This is entirely a work of fiction. The names, characters and incidents portrayed in it are the work of the author’s imagination. Any resemblance to actual persons, living or dead, events or localities is entirely coincidental.

All rights reserved under International and Pan-American Copyright Conventions. By payment of the required fees, you have been granted the non-exclusive, non-transferable right to access and read the text of this e-book on-screen. No part of this text may be reproduced, transmitted, down-loaded, decompiled, reverse engineered, or stored in or introduced into any information storage and retrieval system, in any form or by any means, whether electronic or mechanical, now known or hereinafter invented, without the express written permission of HarperCollins.

Ebook Edition © DECEMBER 2014 ISBN: 9780008115487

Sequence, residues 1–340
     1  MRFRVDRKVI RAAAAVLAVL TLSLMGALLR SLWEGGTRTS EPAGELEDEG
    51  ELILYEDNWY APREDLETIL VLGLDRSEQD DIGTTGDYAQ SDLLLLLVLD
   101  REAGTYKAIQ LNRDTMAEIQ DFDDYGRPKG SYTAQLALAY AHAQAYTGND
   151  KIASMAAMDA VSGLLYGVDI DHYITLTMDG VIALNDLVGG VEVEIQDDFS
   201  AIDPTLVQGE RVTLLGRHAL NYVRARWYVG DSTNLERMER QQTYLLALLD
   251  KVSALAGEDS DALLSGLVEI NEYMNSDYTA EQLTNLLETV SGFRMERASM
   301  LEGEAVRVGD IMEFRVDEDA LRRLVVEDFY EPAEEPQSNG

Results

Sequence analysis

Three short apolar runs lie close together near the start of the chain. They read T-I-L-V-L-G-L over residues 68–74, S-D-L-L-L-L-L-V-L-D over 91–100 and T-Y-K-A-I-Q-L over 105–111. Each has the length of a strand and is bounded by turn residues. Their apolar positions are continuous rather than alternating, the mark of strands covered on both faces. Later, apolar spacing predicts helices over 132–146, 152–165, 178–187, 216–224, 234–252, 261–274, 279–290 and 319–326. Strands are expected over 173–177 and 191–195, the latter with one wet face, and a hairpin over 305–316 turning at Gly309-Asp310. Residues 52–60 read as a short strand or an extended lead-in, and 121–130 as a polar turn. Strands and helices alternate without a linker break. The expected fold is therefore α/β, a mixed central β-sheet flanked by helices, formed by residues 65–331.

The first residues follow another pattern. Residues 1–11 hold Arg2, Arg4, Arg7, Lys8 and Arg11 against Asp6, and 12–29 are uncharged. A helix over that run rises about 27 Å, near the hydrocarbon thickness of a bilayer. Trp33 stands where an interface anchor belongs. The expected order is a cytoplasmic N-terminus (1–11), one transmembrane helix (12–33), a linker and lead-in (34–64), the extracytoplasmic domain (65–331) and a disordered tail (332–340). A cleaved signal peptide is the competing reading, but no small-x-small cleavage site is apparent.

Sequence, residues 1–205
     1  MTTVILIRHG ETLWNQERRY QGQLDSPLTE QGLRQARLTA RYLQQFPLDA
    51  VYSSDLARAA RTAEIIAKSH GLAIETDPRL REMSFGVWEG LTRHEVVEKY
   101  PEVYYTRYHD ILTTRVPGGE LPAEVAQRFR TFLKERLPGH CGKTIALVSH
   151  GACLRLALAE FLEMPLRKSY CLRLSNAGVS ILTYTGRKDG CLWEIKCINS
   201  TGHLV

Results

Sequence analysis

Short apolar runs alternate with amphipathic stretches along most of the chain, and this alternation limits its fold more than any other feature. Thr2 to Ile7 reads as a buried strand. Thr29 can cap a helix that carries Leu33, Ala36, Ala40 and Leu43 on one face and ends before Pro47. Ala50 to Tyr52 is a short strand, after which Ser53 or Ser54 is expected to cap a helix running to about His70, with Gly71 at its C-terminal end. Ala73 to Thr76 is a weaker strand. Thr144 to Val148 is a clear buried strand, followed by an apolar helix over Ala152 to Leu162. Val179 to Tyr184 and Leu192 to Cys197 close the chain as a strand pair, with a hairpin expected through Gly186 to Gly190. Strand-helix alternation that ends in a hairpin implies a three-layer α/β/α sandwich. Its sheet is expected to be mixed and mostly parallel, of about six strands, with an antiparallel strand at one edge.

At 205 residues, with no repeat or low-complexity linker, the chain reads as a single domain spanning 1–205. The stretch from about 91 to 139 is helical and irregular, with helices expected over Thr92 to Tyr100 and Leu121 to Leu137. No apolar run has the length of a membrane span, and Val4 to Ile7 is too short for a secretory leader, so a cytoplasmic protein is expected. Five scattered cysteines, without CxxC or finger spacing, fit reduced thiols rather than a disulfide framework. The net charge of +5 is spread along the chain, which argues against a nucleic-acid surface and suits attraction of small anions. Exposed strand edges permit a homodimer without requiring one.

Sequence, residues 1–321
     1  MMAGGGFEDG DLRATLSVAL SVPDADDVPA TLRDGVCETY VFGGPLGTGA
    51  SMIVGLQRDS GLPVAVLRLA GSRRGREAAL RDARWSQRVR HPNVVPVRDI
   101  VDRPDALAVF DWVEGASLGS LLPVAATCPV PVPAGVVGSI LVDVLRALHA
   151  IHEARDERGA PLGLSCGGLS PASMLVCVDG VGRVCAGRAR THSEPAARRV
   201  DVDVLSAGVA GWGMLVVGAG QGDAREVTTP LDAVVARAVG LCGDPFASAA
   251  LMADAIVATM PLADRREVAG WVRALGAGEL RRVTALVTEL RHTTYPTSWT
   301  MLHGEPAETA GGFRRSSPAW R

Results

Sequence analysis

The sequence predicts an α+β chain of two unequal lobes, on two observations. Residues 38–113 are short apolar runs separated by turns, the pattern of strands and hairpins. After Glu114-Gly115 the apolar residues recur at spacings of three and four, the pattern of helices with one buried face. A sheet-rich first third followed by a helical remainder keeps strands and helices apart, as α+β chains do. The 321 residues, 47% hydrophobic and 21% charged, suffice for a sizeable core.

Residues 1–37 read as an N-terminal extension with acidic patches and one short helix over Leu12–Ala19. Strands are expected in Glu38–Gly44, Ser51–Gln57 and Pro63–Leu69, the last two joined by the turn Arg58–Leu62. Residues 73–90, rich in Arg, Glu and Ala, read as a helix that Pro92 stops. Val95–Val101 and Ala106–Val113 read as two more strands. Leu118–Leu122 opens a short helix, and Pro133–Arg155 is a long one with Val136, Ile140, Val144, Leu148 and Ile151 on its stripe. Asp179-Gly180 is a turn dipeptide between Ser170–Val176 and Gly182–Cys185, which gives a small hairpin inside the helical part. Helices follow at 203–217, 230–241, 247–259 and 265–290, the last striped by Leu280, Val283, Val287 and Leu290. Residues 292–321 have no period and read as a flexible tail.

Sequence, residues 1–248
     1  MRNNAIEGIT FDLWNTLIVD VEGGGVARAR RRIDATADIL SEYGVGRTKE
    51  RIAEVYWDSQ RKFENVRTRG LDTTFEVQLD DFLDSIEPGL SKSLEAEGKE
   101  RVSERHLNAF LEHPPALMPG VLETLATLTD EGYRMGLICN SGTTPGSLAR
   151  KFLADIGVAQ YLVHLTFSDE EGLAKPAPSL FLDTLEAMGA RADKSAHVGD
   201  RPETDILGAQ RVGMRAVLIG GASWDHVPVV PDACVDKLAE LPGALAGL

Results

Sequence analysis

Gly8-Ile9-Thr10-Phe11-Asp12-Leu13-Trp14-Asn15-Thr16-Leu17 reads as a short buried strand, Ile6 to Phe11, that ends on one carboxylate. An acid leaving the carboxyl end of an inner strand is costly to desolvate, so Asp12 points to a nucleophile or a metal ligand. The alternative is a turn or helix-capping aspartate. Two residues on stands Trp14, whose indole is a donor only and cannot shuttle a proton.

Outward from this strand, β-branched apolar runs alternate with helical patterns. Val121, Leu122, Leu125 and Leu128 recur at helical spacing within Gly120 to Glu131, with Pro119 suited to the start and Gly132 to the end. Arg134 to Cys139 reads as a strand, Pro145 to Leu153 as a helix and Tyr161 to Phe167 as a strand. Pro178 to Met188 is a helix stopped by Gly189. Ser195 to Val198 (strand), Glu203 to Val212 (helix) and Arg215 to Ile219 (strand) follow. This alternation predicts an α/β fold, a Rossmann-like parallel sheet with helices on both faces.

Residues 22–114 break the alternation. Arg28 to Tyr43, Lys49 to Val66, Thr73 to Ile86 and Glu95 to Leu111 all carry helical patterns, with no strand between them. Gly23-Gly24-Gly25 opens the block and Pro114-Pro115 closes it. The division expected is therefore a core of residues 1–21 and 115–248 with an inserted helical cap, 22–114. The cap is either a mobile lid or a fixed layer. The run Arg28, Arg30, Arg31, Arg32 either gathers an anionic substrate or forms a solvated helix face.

Version: 2014-12-02

Contents

Cover (#ua146a95d-a545-562d-827e-48d50428e6d3)

Title Page (#ubc70b2c5-c800-5d1c-9d39-bf474f470ce6)

Copyright

Chapter One

Chapter Two

Chapter Three

Chapter Four

Chapter Five

Chapter Six

About Dean Koontz

By Dean Koontz

About the Publisher

One (#u8f50b31e-43d7-546e-ba0d-cfa191d55dbb)

My four-hundred-pound friend and mentor, P. Oswald Boone, the famous mystery writer, says that although he has in his refrigerator cheeses older than I am, sixteen is not too young to write worthwhile prose, as long as I write about what I know, which in my case means a girl named Stormy Llewellyn, the ghost of Elvis Presley, brutal murder, and revenge from beyond the grave.

In late May, the annual spring fair had come to Pico Mundo, California, where I had lived all my life, on the edge of the Mojave Desert. On Friday, I borrowed Terri Stambaugh’s car so that I could take Stormy to the carnival that had set up its many attractions on the fairground midway. Terri was my boss, the owner of the Pico Mundo Grille, where I worked as a fry cook twenty-four hours each week during the school year, forty hours each week during the summer.